In and around the discussions about diversity and inclusion, there is a growing conversation around the concept of privilege and how this impacts different people and how the delivery of inclusion initiatives may have different outcomes due to identity differences.
What is privilege?
Originally formulated by W. E. B. Du Bois in 1903, privilege as a concept came into wider use in the 1980s when it was defined by Peggy McIntosh as ‘Privilege exists when one group has something of value that another group does not, not because of anything that they have done or not done, but simply because of the groups that they belong to. Privilege most frequently shows up as unearned advantage or conferred dominance.‘ So, for example, the privilege (structural advantage) for a middle class white man is different to that of a middle class disabled white man.
The video below is an easily-accessible introduction to the concept of privilege. It’s less about being labelled in any way and more about acknowledging that privilege exists
Privilege and intersection with inclusion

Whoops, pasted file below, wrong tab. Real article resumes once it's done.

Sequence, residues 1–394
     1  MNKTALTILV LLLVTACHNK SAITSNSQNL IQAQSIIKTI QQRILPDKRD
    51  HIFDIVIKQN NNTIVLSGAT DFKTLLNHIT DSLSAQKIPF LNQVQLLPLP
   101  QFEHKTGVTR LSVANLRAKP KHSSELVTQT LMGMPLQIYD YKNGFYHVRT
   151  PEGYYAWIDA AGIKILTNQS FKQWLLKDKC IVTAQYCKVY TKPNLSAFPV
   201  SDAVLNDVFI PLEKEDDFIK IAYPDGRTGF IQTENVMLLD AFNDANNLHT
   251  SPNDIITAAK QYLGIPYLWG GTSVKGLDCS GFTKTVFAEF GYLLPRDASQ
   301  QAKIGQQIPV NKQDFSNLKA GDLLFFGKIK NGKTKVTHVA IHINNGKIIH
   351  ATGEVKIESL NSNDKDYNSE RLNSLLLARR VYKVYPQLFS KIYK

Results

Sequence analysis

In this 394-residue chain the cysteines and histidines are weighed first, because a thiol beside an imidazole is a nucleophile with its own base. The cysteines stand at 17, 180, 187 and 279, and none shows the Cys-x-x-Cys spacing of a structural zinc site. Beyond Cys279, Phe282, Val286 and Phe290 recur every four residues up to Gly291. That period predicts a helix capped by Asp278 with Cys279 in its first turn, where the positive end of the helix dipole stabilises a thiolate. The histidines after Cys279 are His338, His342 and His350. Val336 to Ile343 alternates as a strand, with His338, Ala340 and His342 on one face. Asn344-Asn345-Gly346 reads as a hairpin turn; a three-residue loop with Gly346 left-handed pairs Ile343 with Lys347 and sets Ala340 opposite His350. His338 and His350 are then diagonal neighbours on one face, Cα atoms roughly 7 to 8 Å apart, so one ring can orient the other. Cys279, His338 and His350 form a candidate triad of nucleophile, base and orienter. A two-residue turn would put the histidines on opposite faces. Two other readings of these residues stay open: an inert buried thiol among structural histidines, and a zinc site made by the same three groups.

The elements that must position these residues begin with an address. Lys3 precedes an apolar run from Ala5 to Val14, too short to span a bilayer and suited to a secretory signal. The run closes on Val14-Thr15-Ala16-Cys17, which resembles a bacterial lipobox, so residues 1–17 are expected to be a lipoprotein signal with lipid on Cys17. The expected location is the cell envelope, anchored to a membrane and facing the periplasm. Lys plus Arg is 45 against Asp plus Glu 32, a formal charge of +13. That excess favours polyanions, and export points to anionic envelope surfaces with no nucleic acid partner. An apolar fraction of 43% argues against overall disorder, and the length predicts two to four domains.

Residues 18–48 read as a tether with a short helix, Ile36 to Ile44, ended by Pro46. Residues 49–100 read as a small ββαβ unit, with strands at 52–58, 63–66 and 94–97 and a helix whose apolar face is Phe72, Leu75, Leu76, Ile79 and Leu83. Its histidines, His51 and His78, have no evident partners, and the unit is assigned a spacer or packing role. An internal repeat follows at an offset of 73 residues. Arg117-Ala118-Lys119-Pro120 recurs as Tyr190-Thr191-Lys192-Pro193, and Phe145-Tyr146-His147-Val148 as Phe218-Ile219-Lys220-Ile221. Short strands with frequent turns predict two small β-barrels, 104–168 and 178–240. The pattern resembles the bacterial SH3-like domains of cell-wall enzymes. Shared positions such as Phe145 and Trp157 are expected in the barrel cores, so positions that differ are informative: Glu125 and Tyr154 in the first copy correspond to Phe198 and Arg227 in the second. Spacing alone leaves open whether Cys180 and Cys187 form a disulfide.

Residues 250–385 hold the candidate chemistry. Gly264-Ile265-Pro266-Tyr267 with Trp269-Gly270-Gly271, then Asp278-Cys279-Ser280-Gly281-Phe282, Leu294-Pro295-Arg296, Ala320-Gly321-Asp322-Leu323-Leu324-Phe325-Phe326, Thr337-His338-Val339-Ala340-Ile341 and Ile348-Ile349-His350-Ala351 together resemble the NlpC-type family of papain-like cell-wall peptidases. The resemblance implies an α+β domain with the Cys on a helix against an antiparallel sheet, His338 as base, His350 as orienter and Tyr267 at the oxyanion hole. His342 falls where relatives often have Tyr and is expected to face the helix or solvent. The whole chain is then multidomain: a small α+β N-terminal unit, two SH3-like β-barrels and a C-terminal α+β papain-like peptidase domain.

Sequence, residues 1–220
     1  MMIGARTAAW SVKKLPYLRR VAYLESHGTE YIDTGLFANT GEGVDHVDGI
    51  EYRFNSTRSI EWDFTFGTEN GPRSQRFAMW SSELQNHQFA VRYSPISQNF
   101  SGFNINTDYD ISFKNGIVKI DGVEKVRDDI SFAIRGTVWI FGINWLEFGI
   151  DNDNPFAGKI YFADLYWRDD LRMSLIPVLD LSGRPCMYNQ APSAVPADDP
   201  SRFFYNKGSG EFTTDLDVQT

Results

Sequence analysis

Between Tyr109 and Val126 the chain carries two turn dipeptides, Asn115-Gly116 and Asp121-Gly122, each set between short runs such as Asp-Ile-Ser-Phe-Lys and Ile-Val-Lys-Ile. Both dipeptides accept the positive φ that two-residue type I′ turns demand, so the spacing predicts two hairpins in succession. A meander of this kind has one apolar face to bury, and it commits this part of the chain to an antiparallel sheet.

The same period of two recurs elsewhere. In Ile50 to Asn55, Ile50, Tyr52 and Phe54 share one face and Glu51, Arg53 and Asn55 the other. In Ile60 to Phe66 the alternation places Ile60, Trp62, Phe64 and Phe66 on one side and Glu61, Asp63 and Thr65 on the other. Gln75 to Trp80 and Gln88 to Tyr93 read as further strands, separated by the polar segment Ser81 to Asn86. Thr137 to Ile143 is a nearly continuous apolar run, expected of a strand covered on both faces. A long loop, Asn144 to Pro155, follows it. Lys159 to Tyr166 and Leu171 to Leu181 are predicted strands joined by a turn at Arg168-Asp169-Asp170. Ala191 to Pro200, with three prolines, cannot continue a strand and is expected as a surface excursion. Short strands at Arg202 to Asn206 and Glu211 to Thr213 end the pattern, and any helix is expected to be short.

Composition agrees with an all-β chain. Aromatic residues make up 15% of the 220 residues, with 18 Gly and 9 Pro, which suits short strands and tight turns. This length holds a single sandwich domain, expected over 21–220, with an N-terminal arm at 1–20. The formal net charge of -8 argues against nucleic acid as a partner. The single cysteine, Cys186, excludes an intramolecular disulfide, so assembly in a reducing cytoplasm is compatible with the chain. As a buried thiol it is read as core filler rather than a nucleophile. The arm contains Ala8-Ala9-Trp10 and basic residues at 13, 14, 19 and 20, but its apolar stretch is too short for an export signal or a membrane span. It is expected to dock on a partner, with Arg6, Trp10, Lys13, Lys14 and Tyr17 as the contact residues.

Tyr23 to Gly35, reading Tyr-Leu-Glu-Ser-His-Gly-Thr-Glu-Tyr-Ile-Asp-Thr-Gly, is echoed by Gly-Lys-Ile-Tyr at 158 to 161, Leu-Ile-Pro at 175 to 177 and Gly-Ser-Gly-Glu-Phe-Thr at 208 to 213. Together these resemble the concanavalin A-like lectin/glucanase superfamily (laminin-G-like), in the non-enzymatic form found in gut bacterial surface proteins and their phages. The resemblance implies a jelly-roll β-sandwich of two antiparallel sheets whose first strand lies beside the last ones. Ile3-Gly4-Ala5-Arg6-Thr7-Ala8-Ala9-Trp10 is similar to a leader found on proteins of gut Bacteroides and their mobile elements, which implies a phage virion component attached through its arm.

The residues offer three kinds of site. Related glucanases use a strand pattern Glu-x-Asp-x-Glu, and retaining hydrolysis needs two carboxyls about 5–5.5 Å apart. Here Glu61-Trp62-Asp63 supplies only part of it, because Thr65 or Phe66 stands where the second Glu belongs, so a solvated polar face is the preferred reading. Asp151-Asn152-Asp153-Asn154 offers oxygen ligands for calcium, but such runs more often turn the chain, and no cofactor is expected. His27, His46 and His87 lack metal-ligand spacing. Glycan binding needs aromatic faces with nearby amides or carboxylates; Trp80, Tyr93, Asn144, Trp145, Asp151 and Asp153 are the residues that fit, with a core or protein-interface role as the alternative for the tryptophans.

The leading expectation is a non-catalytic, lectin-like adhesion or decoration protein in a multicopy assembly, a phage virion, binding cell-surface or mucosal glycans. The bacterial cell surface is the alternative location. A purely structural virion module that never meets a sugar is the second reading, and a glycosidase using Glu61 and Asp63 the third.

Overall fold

It is worth remembering that most societies consider advantage in different settings such as schools, colleges and workplaces as having to be earned or based on merit. We grow up with the notion that hard work, for example, is valued and will somehow confer an equiprobable likelihood of recognition. However, this is not the case. Privilege confers an added advantage to some over others and this can be reflected in the workplace. For example, in the West, if you are a man, you are more likely to be paid more than a woman for the same work. The privilege is just by virtue of belonging to the group i.e. men. Privilege is also linked with other concepts such as implicit bias, cognitive bias of different types, stereotypes and explicit discrimination. Inclusion initiatives need to consider structural advantage in order to be effective. For example, in designing inclusion initiatives for disabled people in the workplace, the added issues of race/ethnicity, gender and class need to be recognised to ensure that inclusive measures are able to capture everyone. Without recognition of privilege, inclusion initiatives are less likely to make inroads into the structural advantages which some groups have over others.